It’s not often that we get to try something genuinely new. The bikes we review are most often evolutions of existing designs, and most of the componentry we test aims to be lighter, stiffer, or cheaper than its predecessors, but it’s rarely fundamentally different. When we first caught wind that Rotor was planning to enter the groupset market we weren’t sure what to make of it. The market is dominated by Shimano and SRAM, with Campagnolo bringing up the rear. Rotor’s UNO group is fundamentally different, in that it is hydraulically actuated. This isn’t completely uncharted territory, however. The German company Acros already makes a hydraulic mountain group.
Who, what, where and why?
On the face of it, introducing hydraulics to shifting might seem like needless complexity. Cable shifting does, after all, work quite well, and for those that don’t want to maintain a cable system, electronic shifting offers fit-and-forget adjustment and less onerous installation requirements. (Electrical wires don’t mind going round tight bends.)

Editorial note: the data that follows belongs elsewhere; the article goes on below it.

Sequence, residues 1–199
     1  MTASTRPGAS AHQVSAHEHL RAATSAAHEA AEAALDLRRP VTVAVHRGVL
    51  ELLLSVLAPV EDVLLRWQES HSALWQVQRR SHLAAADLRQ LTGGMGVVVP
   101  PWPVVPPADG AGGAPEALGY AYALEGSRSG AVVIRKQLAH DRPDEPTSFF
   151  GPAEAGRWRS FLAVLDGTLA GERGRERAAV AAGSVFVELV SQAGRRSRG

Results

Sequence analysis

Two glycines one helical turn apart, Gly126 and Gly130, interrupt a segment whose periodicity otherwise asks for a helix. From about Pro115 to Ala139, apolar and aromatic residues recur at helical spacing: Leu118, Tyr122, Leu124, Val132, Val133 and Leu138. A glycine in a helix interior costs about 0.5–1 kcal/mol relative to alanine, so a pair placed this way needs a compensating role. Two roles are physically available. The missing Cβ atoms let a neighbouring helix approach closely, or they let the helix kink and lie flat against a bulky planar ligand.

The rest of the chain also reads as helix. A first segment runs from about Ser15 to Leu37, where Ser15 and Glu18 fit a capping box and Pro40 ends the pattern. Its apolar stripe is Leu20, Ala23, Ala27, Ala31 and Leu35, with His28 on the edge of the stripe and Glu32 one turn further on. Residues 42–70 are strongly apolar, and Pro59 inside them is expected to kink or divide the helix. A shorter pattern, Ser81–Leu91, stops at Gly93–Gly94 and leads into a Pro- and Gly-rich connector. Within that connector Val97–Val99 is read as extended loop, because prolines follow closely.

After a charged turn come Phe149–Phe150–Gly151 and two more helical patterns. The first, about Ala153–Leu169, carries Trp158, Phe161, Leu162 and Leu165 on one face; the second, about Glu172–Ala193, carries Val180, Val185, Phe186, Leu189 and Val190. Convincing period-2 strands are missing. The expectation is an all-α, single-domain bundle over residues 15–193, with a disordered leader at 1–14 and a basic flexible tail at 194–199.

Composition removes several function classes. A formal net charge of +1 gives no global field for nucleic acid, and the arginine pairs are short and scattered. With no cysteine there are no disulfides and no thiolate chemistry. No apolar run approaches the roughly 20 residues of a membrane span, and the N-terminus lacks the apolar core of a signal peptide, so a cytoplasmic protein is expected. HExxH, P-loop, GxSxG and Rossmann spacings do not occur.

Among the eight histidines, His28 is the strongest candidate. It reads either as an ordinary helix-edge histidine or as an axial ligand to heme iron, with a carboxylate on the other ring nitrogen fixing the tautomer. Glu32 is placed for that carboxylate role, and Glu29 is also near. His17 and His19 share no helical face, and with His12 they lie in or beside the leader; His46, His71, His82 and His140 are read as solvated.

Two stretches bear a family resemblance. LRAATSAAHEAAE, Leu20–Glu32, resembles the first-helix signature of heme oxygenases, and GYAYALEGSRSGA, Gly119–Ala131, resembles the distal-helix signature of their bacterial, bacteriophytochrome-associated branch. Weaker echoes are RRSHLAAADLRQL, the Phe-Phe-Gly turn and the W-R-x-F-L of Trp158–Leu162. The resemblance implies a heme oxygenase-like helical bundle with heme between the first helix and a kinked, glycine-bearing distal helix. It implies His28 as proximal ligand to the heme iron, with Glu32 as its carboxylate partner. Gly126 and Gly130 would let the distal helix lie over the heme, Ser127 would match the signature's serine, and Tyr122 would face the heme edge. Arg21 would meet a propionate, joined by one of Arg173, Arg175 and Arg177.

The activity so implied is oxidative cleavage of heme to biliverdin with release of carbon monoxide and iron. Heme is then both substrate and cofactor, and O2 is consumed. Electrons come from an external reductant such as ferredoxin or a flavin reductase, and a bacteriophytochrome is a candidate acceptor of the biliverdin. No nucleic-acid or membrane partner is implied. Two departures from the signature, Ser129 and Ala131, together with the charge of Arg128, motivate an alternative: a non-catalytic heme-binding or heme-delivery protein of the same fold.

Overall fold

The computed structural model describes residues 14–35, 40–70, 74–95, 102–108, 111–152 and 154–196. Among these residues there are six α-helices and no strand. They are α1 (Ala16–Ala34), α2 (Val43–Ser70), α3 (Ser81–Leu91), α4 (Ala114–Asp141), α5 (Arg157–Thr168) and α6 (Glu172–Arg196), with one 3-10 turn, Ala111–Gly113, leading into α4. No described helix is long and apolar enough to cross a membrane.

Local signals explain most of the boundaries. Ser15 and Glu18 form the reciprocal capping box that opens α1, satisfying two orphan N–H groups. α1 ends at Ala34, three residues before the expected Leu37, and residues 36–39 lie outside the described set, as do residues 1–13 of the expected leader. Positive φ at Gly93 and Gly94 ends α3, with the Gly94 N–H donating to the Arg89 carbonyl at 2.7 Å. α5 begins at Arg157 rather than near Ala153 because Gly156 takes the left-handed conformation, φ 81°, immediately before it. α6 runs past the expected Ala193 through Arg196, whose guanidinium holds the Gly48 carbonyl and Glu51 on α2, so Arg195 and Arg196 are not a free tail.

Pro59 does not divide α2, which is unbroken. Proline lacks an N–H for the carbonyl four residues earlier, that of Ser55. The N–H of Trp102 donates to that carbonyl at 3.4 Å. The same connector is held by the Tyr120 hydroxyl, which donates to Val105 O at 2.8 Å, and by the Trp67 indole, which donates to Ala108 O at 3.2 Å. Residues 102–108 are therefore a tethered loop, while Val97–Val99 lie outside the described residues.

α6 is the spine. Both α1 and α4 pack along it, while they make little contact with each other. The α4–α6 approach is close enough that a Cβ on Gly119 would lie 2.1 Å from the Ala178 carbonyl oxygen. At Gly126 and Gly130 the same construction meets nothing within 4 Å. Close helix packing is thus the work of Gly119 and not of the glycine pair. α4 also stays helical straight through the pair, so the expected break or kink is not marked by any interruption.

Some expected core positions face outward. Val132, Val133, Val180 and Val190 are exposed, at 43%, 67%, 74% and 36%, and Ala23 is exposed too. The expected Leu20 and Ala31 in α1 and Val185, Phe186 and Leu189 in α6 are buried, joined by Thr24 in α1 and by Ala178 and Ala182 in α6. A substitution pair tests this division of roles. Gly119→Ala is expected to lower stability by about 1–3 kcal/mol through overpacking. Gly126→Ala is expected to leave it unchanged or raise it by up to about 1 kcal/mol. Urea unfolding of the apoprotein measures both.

Rotor product manager Lars Janssen says the UNO groupset combines the best features of mechanical and electronic systems. It’s designed to offer a degree of mechanical involvement, low weight, low maintenance, easy cable and hose routing, and to be a natural match for disc brakes.
By moving the indexing mechanism to the derailleurs, UNO aims to ensure consistently accurate shifting. At the lever end, all you’re really doing is operating a hydraulic switch, meaning that the shift quality isn’t reliant on the hydraulics for its accuracy. As a result, Rotor anticipates extremely long service intervals – you’ll likely need to bleed the system after shortening hoses, but once set up it should work properly for years without intervention. In a similar vein, the braking system uses a non-water absorbing fluid (Magura Royal Blood), which reduces the need for frequent bleeding.
Rotor describes the UNO groupset as “its baby”, one its been pregnant with for six years. (This is almost a direct quote.) Final prototypes have been on the road with sponsored teams since November and Rotor has incorporated their feedback into the final product. The company is finally ready to give birth…
Details, details, details
For a complete hydraulic disc groupset excluding cranks, Rotor claims that UNO weighs just 1604g. According to its figures, this represents a saving of 10g over the equivalent SRAM Red 22 setup, 99g over eTAP, and 417g over Shimano Dura Ace Di2. Read on for details of UNO’s individual components.
What about cranks?
Pricing and availability
First ride impressions
You can read more at BikeRadar.com